At Travefy, we love hearing how users are utilizing Travefy Professional. We recently learned about Jeff and Kate Howard’s travel and blog business, HotelsNearDCMetro.com and discovered how they use Travefy and how Travefy Pro has impacted their business.
Q: How would you describe your travel website?
We essentially are a travel blog that marries information on Washington, D.C.’s neighborhoods, transit, and hotels. Our site is HotelsNearDCMetro.com. Of course, as the name suggests we focus only on hotels that are located close to the D.C. Metro system. We also run https://njhotelsnearnyc.com/ which focuses on hotels near transit outside of NYC.
This is our fifth year with the D.C. site and in the site’s lifetime, we have served over 1,000,000 visitors. This year we wanted to begin writing about things to do in Washington, D.C. which is how we found Travefy, and we use it to power our power our page on sightseeing itineraries for tourists in Washington, D.C.
Q: Why did you decide to use Travefy, even though you’re not a travel agent?
We did a study this spring and found out that 95% of our website users are leisure travelers. When we asked our visitors what they needed help with and about 1/3 told us that they needed help finding things to do in Washington, D.C.
We had been wanting to expand the content on our website to capture people searching for things to do, tourist activities, etc. We also wanted content to keep people on our website longer and appeal to them at different times in their decision-making process. In addition, we needed content that was less hotel driven and would appeal to other websites.
What we noticed quickly that most articles run along the lines of “Top 20 Things to Do in D.C.” We wanted to speak directly to a certain type of person with themed day itineraries, and try to put together a complete picture of one day in D.C. Inevitably, that would help our visitors understand logistics to get from place to place, as well as be inspired.
Q: What problem does Travefy help solve?
As mentioned above our first crack at creating itineraries in Word and Excel went poorly, they looked awful and would take a while to build. They looked like something you would get at summer camp explaining chores and activities.
- Travefy allowed us to put together sightseeing itineraries much faster, with good visuals. We didn’t have to worry about formatting, or if it would look good on a mobile phone. We just had to plug in the content.
- Looking up restaurants for certain areas became a nagging process. First of all, people have all different types of tastes; it is likely our suggestions for places to eat and secondary to places to see. Travefy’s database of restaurants allowed us to simply pick something that looked good in the local area, then move along planning for activities. An additional bonus was that restaurant descriptions are built into the tool.
- Travefy made it easy to copy and agenda and change one part of it. This helped further cut down on time because a lot of people visiting D.C. will want to see the essentials at the National Mall and then go do something else like a museum, or food, or do something outdoors.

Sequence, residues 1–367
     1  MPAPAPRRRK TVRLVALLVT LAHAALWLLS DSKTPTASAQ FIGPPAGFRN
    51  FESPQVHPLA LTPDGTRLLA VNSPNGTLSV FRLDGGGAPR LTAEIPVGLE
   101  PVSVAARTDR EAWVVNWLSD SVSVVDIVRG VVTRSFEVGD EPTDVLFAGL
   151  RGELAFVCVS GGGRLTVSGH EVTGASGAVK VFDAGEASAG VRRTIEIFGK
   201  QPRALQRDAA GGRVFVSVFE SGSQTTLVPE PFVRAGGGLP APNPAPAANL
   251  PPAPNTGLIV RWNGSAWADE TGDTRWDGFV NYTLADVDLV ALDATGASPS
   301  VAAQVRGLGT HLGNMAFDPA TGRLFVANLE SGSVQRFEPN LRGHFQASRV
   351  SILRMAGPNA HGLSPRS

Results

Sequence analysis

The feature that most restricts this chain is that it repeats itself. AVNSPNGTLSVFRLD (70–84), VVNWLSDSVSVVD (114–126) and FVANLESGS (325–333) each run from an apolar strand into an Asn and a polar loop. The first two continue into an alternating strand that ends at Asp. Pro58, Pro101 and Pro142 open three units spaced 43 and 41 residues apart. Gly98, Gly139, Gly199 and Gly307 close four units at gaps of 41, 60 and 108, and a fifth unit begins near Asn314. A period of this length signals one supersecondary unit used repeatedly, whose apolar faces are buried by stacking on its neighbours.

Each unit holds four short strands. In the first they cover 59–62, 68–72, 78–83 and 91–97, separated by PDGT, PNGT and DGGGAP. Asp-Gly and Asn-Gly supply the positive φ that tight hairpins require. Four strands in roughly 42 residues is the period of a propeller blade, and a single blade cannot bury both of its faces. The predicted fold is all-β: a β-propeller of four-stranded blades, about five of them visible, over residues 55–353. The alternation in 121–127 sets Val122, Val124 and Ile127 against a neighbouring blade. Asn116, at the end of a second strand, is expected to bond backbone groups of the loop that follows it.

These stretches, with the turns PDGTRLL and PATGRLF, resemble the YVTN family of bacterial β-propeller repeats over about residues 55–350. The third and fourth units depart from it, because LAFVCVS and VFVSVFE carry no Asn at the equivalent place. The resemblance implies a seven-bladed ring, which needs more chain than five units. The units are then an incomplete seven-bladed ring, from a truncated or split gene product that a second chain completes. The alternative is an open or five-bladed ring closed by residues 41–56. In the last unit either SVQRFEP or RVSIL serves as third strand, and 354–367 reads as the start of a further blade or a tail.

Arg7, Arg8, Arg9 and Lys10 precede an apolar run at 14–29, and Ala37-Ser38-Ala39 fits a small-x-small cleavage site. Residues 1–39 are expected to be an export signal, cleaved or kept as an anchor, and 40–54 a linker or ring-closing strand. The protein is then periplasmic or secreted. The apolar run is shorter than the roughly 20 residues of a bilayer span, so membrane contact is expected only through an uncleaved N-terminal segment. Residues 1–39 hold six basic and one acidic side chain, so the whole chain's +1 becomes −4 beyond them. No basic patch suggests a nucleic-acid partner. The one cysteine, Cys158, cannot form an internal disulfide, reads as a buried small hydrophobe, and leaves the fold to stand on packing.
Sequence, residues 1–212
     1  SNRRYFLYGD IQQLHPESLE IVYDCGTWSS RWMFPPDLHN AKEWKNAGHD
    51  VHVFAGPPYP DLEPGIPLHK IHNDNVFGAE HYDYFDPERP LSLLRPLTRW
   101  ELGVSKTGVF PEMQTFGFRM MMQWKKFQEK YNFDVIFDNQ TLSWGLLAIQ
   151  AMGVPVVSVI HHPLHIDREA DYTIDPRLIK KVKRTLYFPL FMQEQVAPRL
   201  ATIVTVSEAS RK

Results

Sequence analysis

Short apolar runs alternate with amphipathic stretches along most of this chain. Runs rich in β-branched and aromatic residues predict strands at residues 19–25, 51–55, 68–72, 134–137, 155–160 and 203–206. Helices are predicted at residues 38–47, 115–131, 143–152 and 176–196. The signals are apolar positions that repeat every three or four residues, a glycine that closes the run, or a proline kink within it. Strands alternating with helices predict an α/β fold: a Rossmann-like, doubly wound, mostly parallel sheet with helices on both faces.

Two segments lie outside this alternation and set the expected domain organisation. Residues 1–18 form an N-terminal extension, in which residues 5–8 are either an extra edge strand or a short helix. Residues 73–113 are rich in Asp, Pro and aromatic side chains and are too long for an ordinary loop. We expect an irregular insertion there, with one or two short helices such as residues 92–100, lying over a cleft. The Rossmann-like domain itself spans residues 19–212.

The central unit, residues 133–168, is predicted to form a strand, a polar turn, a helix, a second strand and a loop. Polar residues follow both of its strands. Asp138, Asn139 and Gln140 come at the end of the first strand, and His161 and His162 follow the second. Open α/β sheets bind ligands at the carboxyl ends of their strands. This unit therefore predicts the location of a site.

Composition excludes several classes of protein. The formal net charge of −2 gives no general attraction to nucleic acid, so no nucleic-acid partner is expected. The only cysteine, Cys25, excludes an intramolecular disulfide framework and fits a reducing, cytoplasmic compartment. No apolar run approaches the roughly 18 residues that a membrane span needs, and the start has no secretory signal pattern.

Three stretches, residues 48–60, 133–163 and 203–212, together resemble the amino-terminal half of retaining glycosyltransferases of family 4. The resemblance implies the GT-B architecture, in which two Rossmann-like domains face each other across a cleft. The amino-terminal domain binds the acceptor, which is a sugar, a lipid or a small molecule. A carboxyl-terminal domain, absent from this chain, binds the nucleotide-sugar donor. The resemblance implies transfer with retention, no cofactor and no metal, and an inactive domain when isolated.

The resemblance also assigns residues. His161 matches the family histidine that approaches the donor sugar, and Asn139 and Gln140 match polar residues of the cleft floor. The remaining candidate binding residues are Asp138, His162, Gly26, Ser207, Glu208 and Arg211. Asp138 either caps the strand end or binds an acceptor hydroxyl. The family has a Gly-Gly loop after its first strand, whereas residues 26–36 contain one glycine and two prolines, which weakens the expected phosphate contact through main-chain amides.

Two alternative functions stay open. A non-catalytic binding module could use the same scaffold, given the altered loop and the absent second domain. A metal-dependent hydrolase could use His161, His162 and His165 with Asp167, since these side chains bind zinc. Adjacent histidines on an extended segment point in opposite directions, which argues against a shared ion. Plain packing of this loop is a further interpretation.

- The PDF downloads for each agenda help keep our website users coming back. If we have a user in the dreaming stage of a trip to D.C. hopefully our agendas keep us top of mind when it comes time to make a decision on where to stay. Plus, the PDFs are nicely branded.
- Ease of use was another positive. My wife is slowly starting to take over more aspects of managing the site. She is tech-savvy enough to use her iPhone and do a bunch of social media wizardry. It took her about an hour or two to master Travefy and then was able to knock out agendas quickly.
Q: How has Travefy helped you achieve marketing goals and what has been the feedback?
Yes, we are starting to see other websites gladly mention our sightseeing itineraries. Getting mentions from other sites has been one of our primary goals. Last month we launched a new version of our website that includes better navigation, and now the agendas are one of three links in our header navigation. Needless to say, people are finding them, and we are pleased with the feedback from our users.
Q: Do you have any advice for travel bloggers when it comes to content?
When we looked at developing content for things to do in Washington, D.C. We knew with the way Google is working now that writing XX number of articles on those topics might not make much of an impact, mostly because our website is still small compared to other players. It basically was going to be impossible to attract any additional credibility simply rewriting the standard articles.
We also see Google ranking the same pages for many variations of the same type of keyword. For example, you’ll find TripAdvisor pages will rank for “things to do,” “places to see,” “attractions for tourist.” We see Google rely a lot less on keyword density and more on a general understanding of how well your page fills user intent for a parent topic.
This signaled to us that if we wanted to compete in this space for traffic we needed to do something unique and it had to be high quality, as well as evergreen.
All that being said, our advice to travel bloggers is to present your experiences in a neat and clean fashion. Additionally, it helps to focus on being an expert in one destination or type of trip. This should help attract attention in the ultra-competitive travel space.
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